Father forgets

As I was reviewing my 2011 imperatives – the 11 things I wanted to do in 2011, I realized that one of my imperatives ‘Read one book per month’ was not going to happen since I had read only 6. So I got into panic mode because not only do I establish objectives or imperatives but I intend on reaching them. I found a gem… a book that I had not read since 2004. I mean that counts right? That could contribute to my ‘Read one book per month’ imperative?

What I found was not a book but an experience? It’s called ‘How to win friends and influence people ‘ by Dale Carnegie. This is a classic; it was originally written in 1936 but before you write it off by saying ‘yeah but it’s an old book’ what I have learned from personal optimization and peak performance is that no matter how old classics are, we really haven’t changed as people. I mean you won’t find references to Blackberries and Facebook but the way we interact with people has not changed. You read a book in the next twenty years from now about human interactions you will see commonalities as to how people felt in the early 1900’s.

Dale Carnegie suggests to not only read the book but to re-read each chapter, to think about how to apply some of his concepts and practice it – sounds like another imperative for 2011!

I want to share with you a passage that Carnegie found and re-printed in his book. Carnegie wanted to emphasize the point of how parents criticize their children and before they criticize them again, they should read a passage of American journalism that was written by another author,  W. Livingston Larned, called ‘Father forgets ‘.

Criticism brings about guilt. Guilt will haunt you. Guilt is only good if you recognize it and as per Carnegie, you learn from it as this passage adequately illustrates.

This passage refers to what a father says to his sleeping son but it applies to mothers too and really anybody that is dear to you. The passage struck me. Read then re-read to get the full effect on why criticism should be avoided.


Father Forgets
W. Livingston Larned

Listen son: I am saying this as you lie asleep, one little paw crumpled under your cheek and the blond curls stickily wet on your damp forehead. I have stolen into your room alone. Just a few minutes ago as I sat reading my paper in the library, a stifling wave of remorse swept over me. Guiltily I came to your bedside.

These are the things I was thinking, son. I had been cross to you. I scolded you as you were dressing for school because you gave your face merely a dab with a towel. I took you to task for not cleaning your shoes. I called out angrily when you threw some of your things on the floor.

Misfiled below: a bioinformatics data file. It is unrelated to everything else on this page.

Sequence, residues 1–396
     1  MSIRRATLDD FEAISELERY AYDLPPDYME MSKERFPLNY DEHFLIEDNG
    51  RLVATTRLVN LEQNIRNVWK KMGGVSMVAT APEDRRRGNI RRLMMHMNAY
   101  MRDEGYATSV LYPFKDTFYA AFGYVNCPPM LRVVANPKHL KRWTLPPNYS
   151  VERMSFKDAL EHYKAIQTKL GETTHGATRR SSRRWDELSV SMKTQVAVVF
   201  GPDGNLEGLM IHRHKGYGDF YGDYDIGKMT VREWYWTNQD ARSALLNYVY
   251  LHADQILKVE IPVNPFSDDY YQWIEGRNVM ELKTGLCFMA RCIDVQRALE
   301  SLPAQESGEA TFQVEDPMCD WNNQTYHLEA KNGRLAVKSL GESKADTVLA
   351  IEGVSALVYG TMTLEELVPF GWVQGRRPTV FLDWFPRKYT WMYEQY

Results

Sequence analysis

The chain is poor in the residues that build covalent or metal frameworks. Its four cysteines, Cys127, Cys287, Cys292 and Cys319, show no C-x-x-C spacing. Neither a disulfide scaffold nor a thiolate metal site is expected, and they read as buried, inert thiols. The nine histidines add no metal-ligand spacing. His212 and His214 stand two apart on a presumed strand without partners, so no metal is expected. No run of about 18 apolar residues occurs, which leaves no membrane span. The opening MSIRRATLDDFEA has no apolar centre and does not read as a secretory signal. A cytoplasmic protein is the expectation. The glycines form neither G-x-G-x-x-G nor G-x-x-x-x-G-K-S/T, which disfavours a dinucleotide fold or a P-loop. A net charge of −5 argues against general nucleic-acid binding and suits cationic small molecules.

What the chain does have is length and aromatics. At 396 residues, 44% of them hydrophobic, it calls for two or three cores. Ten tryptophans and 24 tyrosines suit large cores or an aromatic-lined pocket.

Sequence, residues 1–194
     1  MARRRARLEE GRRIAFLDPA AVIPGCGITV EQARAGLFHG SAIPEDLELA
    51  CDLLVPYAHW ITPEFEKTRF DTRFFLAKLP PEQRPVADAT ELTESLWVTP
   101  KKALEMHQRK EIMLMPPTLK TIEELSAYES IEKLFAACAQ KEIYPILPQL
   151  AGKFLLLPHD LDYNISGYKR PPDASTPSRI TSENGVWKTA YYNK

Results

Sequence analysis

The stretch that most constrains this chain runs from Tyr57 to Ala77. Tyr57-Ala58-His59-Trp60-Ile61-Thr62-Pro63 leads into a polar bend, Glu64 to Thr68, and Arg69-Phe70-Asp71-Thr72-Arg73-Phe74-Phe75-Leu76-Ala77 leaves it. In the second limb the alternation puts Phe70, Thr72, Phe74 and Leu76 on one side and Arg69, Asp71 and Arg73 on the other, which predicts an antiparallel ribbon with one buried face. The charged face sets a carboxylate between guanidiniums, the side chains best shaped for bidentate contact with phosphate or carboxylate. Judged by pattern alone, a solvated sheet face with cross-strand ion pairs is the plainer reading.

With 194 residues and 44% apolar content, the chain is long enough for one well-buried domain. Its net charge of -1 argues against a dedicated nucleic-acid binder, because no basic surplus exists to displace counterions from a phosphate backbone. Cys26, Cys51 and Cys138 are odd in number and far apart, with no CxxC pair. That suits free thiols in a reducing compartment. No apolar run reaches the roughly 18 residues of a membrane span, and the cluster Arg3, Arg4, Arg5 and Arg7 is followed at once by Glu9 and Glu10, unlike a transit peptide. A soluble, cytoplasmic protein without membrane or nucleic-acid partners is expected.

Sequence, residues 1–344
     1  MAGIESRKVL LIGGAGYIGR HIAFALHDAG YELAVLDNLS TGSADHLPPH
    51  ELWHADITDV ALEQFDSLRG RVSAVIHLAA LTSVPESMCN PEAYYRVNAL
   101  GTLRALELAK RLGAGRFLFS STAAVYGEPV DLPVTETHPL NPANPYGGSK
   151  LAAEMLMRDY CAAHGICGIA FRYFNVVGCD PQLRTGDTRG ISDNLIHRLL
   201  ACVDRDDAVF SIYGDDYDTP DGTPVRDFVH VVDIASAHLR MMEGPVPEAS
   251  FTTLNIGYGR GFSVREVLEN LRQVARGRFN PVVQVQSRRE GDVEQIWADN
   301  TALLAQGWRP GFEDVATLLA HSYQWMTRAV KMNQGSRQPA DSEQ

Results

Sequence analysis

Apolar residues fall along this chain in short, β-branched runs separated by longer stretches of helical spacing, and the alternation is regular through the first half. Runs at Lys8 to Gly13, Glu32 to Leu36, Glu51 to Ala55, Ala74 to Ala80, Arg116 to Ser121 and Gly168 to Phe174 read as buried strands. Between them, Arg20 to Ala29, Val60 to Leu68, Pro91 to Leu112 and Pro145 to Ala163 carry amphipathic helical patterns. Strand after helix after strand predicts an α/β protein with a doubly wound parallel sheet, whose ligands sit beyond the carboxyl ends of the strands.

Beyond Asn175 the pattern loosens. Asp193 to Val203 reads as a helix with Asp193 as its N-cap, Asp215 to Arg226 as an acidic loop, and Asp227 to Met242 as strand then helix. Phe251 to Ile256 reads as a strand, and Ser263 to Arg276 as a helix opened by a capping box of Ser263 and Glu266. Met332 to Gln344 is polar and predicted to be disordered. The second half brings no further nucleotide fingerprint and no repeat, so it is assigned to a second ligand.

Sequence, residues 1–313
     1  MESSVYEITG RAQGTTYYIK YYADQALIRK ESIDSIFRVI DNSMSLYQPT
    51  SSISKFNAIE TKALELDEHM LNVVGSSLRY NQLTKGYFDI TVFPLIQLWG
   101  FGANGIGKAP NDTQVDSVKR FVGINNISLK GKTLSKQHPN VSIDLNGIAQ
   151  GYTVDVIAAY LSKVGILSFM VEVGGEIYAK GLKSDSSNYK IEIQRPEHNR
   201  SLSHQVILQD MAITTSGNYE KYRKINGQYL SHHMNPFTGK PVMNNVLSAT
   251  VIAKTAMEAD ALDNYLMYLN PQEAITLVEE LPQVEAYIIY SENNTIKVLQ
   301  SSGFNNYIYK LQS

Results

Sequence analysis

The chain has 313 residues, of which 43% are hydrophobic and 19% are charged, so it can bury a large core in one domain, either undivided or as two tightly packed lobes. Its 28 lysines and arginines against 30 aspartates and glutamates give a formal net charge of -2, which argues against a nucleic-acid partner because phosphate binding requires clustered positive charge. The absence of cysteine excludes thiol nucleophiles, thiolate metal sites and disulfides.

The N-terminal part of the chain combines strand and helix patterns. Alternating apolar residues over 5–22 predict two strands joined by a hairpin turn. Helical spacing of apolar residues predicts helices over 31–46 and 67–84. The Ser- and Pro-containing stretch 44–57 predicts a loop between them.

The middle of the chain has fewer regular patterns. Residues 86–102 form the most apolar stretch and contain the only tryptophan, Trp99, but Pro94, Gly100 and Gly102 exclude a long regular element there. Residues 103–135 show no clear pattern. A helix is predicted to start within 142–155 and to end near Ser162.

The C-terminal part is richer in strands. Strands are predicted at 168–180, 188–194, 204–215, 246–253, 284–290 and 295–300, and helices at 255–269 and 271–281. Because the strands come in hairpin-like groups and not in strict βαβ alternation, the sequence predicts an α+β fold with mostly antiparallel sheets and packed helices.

At breakfast I found fault too. You spilled things. You gulped down your food. You put your elbows on the table. You spread butter too thick on your bread. As you started off to play and I made for my train you turned and waved a hand and called ‘Good bye Daddy’ and I frowned, and said in reply, ’Hold your shoulders back!’

Then it began all over in the late afternoon. As I came up to the road I spied you, down on your knees, playing marbles. There were holes in your stockings. I humiliated you before your boyfriends by marching you ahead of me to the house. Stockings were expensive – and if you had to buy them you would be more careful! Imagine that, son, from a father!

Do you remember, later, when I was reading in the library, how you came in timidly, with a sort of hurt look in your eyes? When I glanced over my paper, impatient at the interruption, you hesitated at the door, ‘What is it you want?‘ I snapped.

You said nothing, but ran across in one tempestuous plunge, and threw your arms around my neck and kissed me, and your small arms tightened with an affection that God had set blooming in your heart and which even neglect could not wither. And then you were gone, pattering up the stairs.

Well son, it was shortly afterwards that my paper slipped from my hands and a terrible sickening fear came over me. What has habit been doing to me? The habit of finding fault, or reprimanding – this was my reward to you for being a boy. It was not that I did not love you; it was that I expected too much of youth. I was measuring you by the yardstick of my own fears.

And there was so much that was good and fine and true in your character. The little heart of you was as big as the dawn itself over the wide hills. This was shown by your spontaneous impulse to rush in and kiss me good night. Nothing else matters tonight son. I have come to your bedside in the darkness and I have knelt there, ashamed!

It is a feeble atonement; I know you would not understand these things if I told them to you during your waking hours. But tomorrow I will be a real daddy! I will chum with you, and suffer when you suffer, and laugh when you laugh. I will bite my tongue when impatient words come. I will keep saying as if it were a ritual: ‘He is nothing but a boy – a little boy!’

I am afraid I have visualized you as a man. Yet as I see you now, son, crumpled and weary in your cot, I see that you are still a baby. Yesterday you were in your mother’s arms, your head on her shoulder. I have asked too much, too much.


  1. Olivier Renaud December 5, 2011at22:02

    Quite the blog post dad,
    It reminds me of an incredible movie I have watched not too long ago. “The Tree of Life”…

    1. Paul December 6, 2011at05:41

      Glad you enjoyed it buddy. The book is excellent – only 15 millions copies sold since the time it was written!


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